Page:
Employers that opt to give their employees a pandemic-related Social Security payroll tax holiday to boost wages for the remainder of the year will be taking on a complicated administrative task, Pete Isberg, vice president of government affairs at payroll giant ADP, said this week in an Accounting Today podcast.
President Donald Trump signed an executive order Aug. 8 to create the tax deferral after Congress failed to extend enhanced unemployment benefits or take other measures to stimulate the economy.
Employers participating in the program must give employees the option of keeping the 6.2% tax that normally gets withheld each pay period. By keeping the money, employees get bigger paychecks, but it is just temporary; they'll have to pay the money back, unless Congress passes legislation turning the deferral into a tax cut.
The benefit applies to employees earning up to $4,000 a pay period and covers paychecks issued between Sept. 1 and Dec. 31. The deferred amounts have to be paid back through additional employee paycheck withholdings between Jan. 1 and the end of April next year.
The program's implementation burden falls on employers. Those that decide to participate must let their employees know about the deferral and the added burden they'll face to pay the money back next year. Guidance the IRS issued August 28 says the increased withholdings are to be applied in equals amounts between Jan. 1 and April 30.
For employees who leave between Sept. 1 and the end of the year, employers could remit to the IRS the deferred taxes all at once by combining all of extra withholdings into employees' last paycheck. That would significantly cut into employees' take-home pay for that last period, a particular risk for seasonal employees, such as those who just work during the holiday season.
"Say there are eight payroll checks where the Social Security tax is deferred," Isberg said. "On that ninth check, the employer is going to take the opportunity to collect the entire amount of the deferral and that would take up literally one half of the paycheck. So, that's going to be a surprise to some people."
Employers who don't collect the deferred taxes could face the liability of repaying the taxes themselves. "The employer is literally on the hook," he said. "The IRS will absolutely collect from you."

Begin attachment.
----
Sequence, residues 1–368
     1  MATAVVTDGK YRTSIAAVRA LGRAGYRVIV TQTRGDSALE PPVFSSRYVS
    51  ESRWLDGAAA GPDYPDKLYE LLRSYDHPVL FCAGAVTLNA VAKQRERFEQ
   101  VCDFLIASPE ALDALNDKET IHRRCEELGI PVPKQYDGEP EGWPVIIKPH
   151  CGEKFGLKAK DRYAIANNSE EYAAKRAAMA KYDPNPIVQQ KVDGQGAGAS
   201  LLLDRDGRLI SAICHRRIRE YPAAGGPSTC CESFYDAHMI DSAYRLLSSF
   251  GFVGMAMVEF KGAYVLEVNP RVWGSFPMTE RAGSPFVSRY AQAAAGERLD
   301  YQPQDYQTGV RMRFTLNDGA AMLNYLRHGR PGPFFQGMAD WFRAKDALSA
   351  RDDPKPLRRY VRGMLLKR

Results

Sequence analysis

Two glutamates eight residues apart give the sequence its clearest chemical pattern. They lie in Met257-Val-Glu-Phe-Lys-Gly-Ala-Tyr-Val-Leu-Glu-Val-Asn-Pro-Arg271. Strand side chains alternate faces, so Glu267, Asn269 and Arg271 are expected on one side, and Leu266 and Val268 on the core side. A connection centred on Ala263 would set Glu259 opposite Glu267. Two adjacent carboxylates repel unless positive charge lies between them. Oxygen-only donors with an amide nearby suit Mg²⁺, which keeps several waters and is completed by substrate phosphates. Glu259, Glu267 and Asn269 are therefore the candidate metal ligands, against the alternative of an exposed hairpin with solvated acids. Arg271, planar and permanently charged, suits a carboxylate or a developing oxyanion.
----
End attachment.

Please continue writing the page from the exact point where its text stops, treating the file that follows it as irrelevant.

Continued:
The administrative burden for employers will be especially hard if some employees want to take the deferral and others don't.
"You have to give employees some explanation of what this is, what their options are," he said. "And you have to give those employees a way to come back to you and say yes or no. And you have to provide for people who might change their mind."
Isberg thinks most employers will decide not to participate; not only is the administrative burden heavy for a short-term change, but most employees, once they understand the pay decrease they face upon repayment, likely won't want to participate.
"Some of them [will] say, ‘well, we really don't want to do this, so if you don't mind, please excuse me,'" he said. "‘I would rather just have you continue withholding as normal.'"
The IRS has yet to provide guidance on how to treat the deferral on employees' W-2 form.
On the employee tax reporting side, employers can expect changes to Form 941, which Isberg said is expected to have additional lines to report amounts deferred separately.
Corresponding changes to the W-2 remain unclear. "There's a box 3, a box 4, tax withheld," he said. "The question is, should I report on that box 4, Social Security tax withheld ... or should I ignore the deferral and just report the liability? That's a big question [with] a lot of implications."
Whether or not Congress will pass legislation to waive employees' repayment liability is uncertain, but many lawmakers, in both parties, have cast doubt on the idea; it could drain money from the country's retirement programs, which are already considered badly underfunded.
A stimulus package recently introduced in the Senate does not include the waiver.
In the meantime, the Trump administration has said it will require 1.3 million federal workers to take the deferral, prompting a backlash among some industry groups and lawmakers who say it turns these employees into guinea pigs for a program whose benefits are questionable.
"Workers will have to pay double their regular payroll tax rate during the first four months of 2021, and if they cannot do so, they will have to pay interest and penalties on amounts still owed if they're not paid back by May 1, 2021," Everett Kelley, president of American Federation of Government Employees, said.